Former standout Keith Booth ready to lead Dunbar basketball

by Derek Toney

From sneaking into Dunbar High gymnasium as a little kid to watch the iconic basketball teams of the 1980s to running nearly a mile in the snow in boots to the school as a way to keep in shape, Keith Booth has  understood the meaning of being a Dunbar basketball player.

Now, Booth is the steward of the storied Baltimore City program. The former standout is back at his alma-mater as coach.

“For me, personally, it’s full circle, but at the same time, it’s about the kids today,” he said. “My experiences overall, to look in their eyes, I see myself.”

With his new team, past Dunbar coaches and teammates and several longtime Poet fans in attendance, Booth was formally introduced May 23 in the school’s library. He replaces Cyrus “Diego” Jones, his teammate on the Poets’ 1991-92 national championship team.

Jones stepped down in March after 12 seasons, winning five state championship and two city titles.

Booth humbly accepted the challenge of following in the footsteps of past Poet coaches like Jones, Bob Wade, Sugar Cain and Pete Pompey, who coached Booth.

It was full circle for Booth, who 25 years earlier, sat a table in a corner of Dunbar’s fabled gymnasium, and signed a national letter of intent with the University of Maryland.

Booth became an All-American in his senior season in College Park, where he finished in the Top 10 in career free throws and rebounding. He was selected 28th overall by the Chicago Bulls in the 1997 NBA draft. Booth played in 45 games in two seasons, earning a championship ring in 1998.

His coaching career started at Maryland as an assistant under Gary Williams for seven seasons. Booth moved to Loyola University where he was an assistant for women’s and men’s team. Most recently, Booth coached for the Team Thrill AAU program founded by former Lake Clifton standout and current Denver Nugget Will Barton.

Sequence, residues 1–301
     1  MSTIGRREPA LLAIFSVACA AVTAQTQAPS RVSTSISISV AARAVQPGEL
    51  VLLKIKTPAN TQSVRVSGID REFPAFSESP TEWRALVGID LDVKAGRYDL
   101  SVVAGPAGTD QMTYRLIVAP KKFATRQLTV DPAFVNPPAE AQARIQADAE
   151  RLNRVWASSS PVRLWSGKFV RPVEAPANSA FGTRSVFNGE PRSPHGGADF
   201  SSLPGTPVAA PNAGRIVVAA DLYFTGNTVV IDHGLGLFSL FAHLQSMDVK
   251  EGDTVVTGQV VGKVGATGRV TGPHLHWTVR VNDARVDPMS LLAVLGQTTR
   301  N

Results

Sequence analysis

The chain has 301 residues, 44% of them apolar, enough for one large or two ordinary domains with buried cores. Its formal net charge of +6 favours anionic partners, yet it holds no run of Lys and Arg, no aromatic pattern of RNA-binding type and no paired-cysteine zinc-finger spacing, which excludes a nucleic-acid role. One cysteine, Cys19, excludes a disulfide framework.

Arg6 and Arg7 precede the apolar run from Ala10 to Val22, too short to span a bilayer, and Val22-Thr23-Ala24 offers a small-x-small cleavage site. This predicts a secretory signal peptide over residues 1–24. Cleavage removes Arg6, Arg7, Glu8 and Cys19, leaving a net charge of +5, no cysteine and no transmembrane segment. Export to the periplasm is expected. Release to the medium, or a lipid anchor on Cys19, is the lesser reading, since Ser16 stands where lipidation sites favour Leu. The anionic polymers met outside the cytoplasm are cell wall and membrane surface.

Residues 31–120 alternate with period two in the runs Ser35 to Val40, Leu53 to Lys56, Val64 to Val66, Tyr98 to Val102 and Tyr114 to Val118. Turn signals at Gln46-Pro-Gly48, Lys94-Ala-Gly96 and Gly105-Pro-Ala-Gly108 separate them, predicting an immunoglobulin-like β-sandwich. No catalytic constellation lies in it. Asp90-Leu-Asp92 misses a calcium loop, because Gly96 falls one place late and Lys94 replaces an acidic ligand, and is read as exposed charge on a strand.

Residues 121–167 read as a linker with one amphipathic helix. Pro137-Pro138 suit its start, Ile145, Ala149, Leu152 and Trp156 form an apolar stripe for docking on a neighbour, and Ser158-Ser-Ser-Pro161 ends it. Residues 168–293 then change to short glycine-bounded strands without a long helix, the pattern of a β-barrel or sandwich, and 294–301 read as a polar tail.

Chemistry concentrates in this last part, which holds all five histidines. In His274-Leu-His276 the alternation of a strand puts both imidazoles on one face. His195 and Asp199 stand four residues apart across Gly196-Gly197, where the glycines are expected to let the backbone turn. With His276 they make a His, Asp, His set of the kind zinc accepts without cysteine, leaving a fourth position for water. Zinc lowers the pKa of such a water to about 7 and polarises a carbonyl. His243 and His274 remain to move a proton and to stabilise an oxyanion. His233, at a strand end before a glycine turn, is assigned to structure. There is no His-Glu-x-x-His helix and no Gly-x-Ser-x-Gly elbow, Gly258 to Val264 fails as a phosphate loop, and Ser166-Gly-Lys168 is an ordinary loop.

Though Booth played and or coached under Williams and Phil Jackson, both Naismith Basketball Hall of Famers, he said Bucky Lee and Henry “Sarge” Powell, who coached him at the Madison Square Rec Center in east Baltimore, instilled confidence.

“Coach Sarge always said it’s hard to work hard if you don’t like what you do,” said Booth. “I fell in love with basketball at a young age and they saw that. They were willing to push me harder and it’s something that to this day I’m grateful for.”

Donta’ Bright, who was a McDonald’s All-American in the Poets’ 1991-92 national title season, is excited about having Booth back at the Orleans Street school.

“He’s back in the community. He’s going to put the pride back into Dunbar,” said Bright, who led UMASS to the Final Four in 1996.

With Bright, Booth, Michael Lloyd, Jones and Paul Banks (Poet assistant during Jones’ coaching tenure), Dunbar went 29-0 and claimed a third mythical national title (won in 1983 and 1985). As a senior, Booth, a McDonald’s All-American, led Dunbar to the first of 16 state public championships.

The Poets are no longer the local and national powerhouse they were in the 1980s through the mid-1990s. Several players have transferred over the last couple of years, something that was unheard of during Dunbar’s golden era.

Booth knows the local high school basketball landscape has changed since he left Dunbar as a player.

“As a coach, if I’m constantly communicating, ‘here’s how we’re going to develop you as a student, here’s how we’re going to help you get better as an athlete.’” said Booth.  “If somebody can come in between that year-round communication and the family decide they still don’t want their child to be here, we have to let them to go.

Dunbar hasn’t always been for everybody, but the ones it was for, not only the athletes, are doing well in life and live by the Dunbar standard.”

Booth is conducting individual workouts with the returning Poet players. He hopes to have  is coaching staff in place in the coming weeks.

“I know we have a long journey ahead of us, and at the same time it starts with one brick at a time,” said Booth. “So it’s important for me as a leader, as the head coach to let these guys know how valuable each and every one of them are.”

Pictured above: Keith Booth (in hat) poses with former Dunbar boys basketball assistant Paul Holmes (left), former head coaches Bob Wade and Diego Jones, Dunbar principal Tammy Mays, Dunbar athletic director Dana Johnson and Booth’s former Dunbar teammate Donta’ Bright, at his introductory press conference. The former Dunbar and University of Maryland star is back at his alma-mater as the new basketball coach.